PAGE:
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Thursday, 13 April 2017
Harmless Like You by Rowan Hisayo Buchanan
What We Thought:
Harmless Like You begins and ends with a meeting between mother and son, thirty years after the mother walked out on her family without an explanation.
In the pages between, two timelines unfold towards each other – the mother’s unveiling her damaged life in New York; the son’s, thirty years on, revealing him coping (badly) with both the death of his father and the birth of his daughter.
Yuki is an artist. Each of her chapters begins with the name of an artist’s colour, how it got that name, how it is made and how it is used. Yet for most of her life, Yuki’s artistic vision is stifled, and her sense of self distorted by her relationships with three men – her Japanese father who would never accept ‘artist’ as a valid future for his daughter; her older lover, who veers between off-hand encouragement and a toxic mix of abuse and contempt; and her doggedly loyal friend, whose kindness and support can seem like being smothered in cotton candy.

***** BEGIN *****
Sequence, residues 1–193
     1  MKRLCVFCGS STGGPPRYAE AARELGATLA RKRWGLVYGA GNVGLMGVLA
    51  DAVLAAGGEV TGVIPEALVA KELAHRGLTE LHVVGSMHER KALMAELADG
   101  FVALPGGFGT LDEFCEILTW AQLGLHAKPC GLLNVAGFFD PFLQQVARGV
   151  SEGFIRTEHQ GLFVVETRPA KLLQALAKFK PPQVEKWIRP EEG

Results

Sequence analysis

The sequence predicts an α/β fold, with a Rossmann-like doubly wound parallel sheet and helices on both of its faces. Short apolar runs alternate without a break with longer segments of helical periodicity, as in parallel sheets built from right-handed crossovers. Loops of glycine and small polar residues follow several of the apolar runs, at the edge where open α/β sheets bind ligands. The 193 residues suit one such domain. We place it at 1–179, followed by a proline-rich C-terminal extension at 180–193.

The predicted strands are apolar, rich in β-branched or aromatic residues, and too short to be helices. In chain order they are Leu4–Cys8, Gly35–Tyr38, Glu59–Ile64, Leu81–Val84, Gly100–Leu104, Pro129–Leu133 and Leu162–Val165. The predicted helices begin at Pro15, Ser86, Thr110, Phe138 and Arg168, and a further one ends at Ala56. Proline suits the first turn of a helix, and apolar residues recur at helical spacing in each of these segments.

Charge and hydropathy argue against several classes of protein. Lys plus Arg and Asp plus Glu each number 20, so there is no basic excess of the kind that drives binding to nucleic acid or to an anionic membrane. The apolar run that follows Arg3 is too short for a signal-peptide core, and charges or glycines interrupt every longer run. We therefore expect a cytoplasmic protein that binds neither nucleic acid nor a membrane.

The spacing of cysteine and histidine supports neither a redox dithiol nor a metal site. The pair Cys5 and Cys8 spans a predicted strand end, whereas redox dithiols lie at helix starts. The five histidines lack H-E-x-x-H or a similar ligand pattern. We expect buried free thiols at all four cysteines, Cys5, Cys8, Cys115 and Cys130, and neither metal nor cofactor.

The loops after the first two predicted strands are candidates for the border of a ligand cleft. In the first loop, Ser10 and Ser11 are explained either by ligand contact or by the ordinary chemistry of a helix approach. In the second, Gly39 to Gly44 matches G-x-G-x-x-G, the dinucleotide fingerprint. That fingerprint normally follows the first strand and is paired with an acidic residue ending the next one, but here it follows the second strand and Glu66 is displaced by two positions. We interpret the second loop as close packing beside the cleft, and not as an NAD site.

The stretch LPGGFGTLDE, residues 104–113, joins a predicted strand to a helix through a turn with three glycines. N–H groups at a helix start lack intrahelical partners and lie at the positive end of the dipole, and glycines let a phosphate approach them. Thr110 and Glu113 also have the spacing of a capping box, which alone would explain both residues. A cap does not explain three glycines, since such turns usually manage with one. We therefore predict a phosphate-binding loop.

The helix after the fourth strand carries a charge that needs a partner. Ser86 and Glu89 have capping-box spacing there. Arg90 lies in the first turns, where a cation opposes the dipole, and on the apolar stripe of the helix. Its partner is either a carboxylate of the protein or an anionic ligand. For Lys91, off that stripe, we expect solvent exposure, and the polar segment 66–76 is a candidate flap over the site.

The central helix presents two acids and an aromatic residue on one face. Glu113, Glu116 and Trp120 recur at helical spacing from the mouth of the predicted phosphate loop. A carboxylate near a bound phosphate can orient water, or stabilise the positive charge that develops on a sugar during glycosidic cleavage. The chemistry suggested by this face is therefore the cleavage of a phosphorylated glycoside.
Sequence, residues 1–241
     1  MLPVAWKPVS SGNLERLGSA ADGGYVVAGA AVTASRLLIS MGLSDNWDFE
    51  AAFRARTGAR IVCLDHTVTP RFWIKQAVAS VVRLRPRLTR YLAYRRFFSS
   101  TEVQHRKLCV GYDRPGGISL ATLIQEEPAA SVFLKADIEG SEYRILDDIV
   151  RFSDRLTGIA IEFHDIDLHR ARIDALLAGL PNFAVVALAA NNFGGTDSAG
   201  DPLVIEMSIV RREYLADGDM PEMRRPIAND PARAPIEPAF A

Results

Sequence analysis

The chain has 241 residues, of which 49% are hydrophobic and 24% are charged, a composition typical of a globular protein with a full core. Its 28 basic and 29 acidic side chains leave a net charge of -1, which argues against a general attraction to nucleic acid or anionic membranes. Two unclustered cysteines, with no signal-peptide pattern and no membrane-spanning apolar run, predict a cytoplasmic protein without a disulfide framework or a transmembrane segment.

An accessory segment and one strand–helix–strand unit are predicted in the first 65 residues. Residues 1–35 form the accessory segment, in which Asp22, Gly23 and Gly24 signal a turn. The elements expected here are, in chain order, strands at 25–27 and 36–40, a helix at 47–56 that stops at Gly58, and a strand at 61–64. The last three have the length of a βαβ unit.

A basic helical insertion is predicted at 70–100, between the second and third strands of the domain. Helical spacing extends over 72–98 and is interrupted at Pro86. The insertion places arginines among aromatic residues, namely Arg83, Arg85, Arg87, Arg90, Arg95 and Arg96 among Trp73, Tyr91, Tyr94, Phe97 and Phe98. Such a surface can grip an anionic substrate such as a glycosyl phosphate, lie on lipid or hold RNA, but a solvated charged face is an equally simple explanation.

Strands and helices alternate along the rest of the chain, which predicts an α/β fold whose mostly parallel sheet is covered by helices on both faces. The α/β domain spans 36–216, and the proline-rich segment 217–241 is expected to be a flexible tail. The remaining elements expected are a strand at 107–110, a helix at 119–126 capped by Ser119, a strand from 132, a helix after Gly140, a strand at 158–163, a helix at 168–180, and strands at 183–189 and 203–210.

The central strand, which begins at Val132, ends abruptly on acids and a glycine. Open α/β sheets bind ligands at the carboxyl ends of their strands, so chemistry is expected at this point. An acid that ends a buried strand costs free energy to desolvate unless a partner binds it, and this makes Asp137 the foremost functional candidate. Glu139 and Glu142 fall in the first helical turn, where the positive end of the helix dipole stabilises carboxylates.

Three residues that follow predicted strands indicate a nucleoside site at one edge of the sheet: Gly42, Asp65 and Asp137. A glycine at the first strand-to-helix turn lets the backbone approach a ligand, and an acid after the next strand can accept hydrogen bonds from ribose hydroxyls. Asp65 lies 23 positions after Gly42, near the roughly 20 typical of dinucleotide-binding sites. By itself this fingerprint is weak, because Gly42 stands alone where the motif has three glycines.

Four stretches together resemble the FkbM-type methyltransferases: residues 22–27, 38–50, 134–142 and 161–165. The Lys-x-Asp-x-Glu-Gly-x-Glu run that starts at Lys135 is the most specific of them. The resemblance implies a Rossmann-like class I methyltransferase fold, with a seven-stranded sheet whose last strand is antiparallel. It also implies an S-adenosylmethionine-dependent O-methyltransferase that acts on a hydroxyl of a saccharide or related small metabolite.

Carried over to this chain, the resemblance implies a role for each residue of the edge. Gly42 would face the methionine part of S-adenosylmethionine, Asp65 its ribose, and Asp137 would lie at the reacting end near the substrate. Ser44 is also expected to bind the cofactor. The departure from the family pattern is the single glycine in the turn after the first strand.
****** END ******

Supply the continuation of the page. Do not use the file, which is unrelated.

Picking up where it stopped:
The book’s title, shared with Yuki’s first photographic exhibition, comes from a remark made by her lover, Lou, talking about his opposition to the Vietnam War.
“I think the cowards are the ones over there, killing harmless little girls like you.”
There is a casual racism in the way her equates her to the Vietnamese girls. Even more, a paternalism in the way he underestimates Yuki. She is not a little girl and she is not harmless!
Yuki’s life apparently contrasts with that of her one-time best friend, Odile. Odile’s outwardly more successful existence as a model is played out in front of the camera rather than behind it. But that life, too, began with an act of male abuse, an act that fractured their friendship.
The other half of the novel is, in essence, the story of two kind men. Men who would never be abusive in the way that Lou was. But is that kindness in itself a form of paternalism? Does it do its own unintentional damage? Or it is the fact that Yuki is already damaged that skews her responses? And what damage did Yuki herself do when she abandoned her son?
Harmless Like You is a study in close focus of the harm we do, casually or deliberately, and how that harm spreads outwards and passes from generation to generation.
It was longlisted for the inaugural Jhalak Prize.
You’ll Enjoy This If You Loved: The Lowland by Jhumpa Lahiri, The Vegetarian by Han Kang, A Tale for the Time Being by Ruth Ozeki
Avoid If You Dislike: Unmotherly mothers
Perfect Accompaniment: New York bagel with lox
Genre: Literary Fiction
Available on Amazon